The Review and Herald


November 14, 1907

“Judge Not”


The work of judging his brother has not been placed upon any man. “Judge not,” the Saviour says, “that ye be not judged; for with what judgment ye judge, ye shall be judged: and with what measure ye mete, it shall be measured to you again.” He who takes upon himself the work of judging and criticizing others, lays himself open to the same degree of judgment and criticism. Those who are ready to condemn their brethren, would do well to examine their own works and character. Such an examination, honestly made, will reveal the fact that they, too, have defects of character, and have made grave blunders in their work. If the great Judge should deal with men as they deal with their fellow workers, they would regard him as unkind and unmerciful. RH November 14, 1907, par. 1

“Why beholdest thou the mote that is in thy brother's eye,” the Saviour asked, “but considerest not the beam that is in thine own eye? Or how wilt thou say to thy brother, Let me pull out the mote out of thine eye; and, behold, a beam is in thine own eye? Thou hypocrite, first cast out the beam out of thine own eye; and then shalt thou see clearly to cast out the mote out of thy brother's eye.” RH November 14, 1907, par. 2

The scribes and Pharisees were very rigid in their rules, very severe in their judgment of others, and unmerciful in condemning. They exalted themselves as judges among the people; and while they justified the course of forbidden action that they themselves indulged in, they were quick to condemn with scornful words the course of others, even of those whom God was using to do his work. Their criticism of Christ and his disciples was severe and denouncing, and placed them in a false light before the people. To the view of the Pharisee his individual sins were as the mote, but that which he saw to condemn in others he represented as a beam. Christ declared to such, “Thou hypocrite, first cast out the beam out of thine own eye; and then shalt thou see clearly to cast out the mote out of thy brother's eye.” RH November 14, 1907, par. 3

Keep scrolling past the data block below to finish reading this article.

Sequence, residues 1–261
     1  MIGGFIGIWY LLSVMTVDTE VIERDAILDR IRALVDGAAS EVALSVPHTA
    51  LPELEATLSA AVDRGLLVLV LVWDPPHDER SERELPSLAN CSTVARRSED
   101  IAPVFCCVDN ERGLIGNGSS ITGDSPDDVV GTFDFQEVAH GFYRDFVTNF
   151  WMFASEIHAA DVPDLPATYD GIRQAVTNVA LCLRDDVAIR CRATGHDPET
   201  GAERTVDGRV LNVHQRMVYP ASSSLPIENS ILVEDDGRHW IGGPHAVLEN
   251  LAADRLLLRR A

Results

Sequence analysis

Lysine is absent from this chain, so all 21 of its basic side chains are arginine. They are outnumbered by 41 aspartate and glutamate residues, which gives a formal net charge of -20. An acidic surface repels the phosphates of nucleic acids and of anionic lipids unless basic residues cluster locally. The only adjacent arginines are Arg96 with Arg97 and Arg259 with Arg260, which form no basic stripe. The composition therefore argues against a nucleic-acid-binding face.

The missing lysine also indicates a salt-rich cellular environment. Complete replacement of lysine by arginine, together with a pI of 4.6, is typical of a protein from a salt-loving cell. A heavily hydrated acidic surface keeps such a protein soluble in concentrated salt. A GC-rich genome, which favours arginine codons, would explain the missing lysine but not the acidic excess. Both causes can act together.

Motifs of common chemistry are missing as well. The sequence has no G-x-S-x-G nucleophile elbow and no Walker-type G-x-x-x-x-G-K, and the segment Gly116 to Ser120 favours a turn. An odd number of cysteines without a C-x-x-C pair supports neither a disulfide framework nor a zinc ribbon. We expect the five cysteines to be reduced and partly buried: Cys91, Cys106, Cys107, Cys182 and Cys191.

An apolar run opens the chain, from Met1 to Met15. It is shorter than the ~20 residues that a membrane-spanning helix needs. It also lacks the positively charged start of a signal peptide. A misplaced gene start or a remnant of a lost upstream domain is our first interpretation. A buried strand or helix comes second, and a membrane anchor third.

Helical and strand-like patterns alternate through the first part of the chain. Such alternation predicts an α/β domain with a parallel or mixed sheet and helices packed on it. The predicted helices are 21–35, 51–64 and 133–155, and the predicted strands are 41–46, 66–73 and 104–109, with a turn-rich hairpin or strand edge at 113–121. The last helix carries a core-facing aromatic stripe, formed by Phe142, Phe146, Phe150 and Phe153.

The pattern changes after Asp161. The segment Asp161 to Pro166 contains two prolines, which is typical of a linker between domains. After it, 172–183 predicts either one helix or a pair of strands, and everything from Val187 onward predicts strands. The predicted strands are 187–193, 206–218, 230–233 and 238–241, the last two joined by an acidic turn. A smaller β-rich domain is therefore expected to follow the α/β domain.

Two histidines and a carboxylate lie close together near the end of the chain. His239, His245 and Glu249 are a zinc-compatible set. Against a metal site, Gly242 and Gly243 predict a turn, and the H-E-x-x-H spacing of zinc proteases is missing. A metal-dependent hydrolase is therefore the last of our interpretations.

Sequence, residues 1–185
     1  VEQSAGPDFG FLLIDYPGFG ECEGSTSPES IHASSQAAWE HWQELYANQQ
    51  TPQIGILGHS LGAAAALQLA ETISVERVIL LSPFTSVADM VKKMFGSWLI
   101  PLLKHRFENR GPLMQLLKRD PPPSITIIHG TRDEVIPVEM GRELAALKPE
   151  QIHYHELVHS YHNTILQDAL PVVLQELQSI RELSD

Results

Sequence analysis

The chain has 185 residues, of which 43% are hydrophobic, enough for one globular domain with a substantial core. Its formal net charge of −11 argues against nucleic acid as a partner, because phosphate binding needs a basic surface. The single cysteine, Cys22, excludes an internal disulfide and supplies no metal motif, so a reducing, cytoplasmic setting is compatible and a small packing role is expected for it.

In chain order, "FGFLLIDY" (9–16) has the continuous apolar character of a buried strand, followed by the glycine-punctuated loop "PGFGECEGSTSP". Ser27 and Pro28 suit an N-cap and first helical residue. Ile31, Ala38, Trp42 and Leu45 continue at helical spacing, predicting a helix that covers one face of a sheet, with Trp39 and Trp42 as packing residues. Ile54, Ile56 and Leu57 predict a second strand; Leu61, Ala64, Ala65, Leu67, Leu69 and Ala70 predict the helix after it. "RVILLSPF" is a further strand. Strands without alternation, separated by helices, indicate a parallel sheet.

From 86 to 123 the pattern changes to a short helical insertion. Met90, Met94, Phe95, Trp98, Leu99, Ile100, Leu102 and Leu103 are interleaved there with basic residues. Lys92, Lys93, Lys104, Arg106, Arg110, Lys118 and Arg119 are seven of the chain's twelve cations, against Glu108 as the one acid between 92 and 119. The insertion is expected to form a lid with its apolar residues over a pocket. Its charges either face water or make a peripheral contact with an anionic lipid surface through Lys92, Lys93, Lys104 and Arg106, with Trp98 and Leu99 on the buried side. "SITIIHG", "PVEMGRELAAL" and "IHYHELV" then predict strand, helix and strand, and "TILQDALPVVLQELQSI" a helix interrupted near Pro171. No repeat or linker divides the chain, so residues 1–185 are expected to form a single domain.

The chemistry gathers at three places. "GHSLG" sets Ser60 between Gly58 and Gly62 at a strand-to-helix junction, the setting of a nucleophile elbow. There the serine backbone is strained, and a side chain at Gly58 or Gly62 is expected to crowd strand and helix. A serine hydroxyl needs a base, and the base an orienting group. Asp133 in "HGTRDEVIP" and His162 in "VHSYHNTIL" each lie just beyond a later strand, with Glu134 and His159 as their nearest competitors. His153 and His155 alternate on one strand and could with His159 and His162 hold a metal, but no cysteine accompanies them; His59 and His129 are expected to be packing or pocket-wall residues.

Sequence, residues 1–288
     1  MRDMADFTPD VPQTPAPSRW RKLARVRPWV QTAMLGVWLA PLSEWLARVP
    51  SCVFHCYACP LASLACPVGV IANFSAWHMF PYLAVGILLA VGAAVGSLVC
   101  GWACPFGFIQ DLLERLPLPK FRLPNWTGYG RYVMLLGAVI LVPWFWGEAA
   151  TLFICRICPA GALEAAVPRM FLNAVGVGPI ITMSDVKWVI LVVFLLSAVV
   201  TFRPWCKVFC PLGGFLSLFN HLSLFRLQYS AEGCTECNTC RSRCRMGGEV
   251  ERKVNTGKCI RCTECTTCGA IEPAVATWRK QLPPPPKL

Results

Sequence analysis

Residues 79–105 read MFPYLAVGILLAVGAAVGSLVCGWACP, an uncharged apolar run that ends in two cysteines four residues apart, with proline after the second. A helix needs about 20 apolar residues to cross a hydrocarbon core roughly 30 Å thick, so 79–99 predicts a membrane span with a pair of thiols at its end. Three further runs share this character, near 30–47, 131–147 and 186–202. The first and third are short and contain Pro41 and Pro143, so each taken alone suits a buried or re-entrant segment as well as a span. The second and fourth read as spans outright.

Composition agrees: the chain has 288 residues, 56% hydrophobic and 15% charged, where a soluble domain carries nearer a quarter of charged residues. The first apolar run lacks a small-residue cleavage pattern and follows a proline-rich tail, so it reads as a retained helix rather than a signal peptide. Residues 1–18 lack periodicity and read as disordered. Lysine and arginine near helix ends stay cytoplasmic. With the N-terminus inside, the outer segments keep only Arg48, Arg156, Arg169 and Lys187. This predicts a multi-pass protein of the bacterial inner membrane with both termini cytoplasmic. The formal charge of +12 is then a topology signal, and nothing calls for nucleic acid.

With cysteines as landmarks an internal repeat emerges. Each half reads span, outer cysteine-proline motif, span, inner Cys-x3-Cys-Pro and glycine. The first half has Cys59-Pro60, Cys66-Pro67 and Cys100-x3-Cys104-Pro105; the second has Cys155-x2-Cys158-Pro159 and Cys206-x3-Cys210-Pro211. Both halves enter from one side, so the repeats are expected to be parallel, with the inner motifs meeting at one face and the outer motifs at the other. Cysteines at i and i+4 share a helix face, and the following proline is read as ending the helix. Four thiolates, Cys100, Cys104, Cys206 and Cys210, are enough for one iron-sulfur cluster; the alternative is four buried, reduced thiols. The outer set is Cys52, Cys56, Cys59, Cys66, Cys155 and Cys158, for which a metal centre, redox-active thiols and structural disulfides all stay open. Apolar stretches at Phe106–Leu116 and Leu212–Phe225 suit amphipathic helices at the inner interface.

Christ did not make himself a judge among men; but he was heaven-appointed to lay down correct principles for the rule of the human family. He appoints agencies to carry out these principles; and by him “princes decree justice.” In the advancement of his cause in the earth, he would have men appointed to deal with the erring who will be kind and considerate, and whose characters reveal the similitude of the divine,—men who will show the wisdom of Christ in dealing with matters that should be kept private, and who, when a work of correction and reproof must be done, will know how to keep silence before those whom it does not concern. Unbelievers should not be given opportunity to make God's people, be they ministers or laymen, the objects of their suspicion and unrighteous judgment. RH November 14, 1907, par. 4

When it becomes necessary for a minister to do a work of correction, he should be very careful to act righteously and wisely. He is not to denounce the erring harshly before those who know not the truth. The unconverted judge the servants of God by such actions, and conclude that this can not be the work of God. Those who are not of our faith, but who are convicted of the truth, when they see a lack of unity among the ministers who claim to be obeying the truth, close the door of their hearts, saying, We want none of these things. Thus by the exercise of unsanctified speech, souls are turned from the truth, and an example given that opens the way for the things of truth and righteousness to be lowered in the dust. Our workers, when tempted to speak hasty words of criticism and judgment, should remember that silence is golden. RH November 14, 1907, par. 5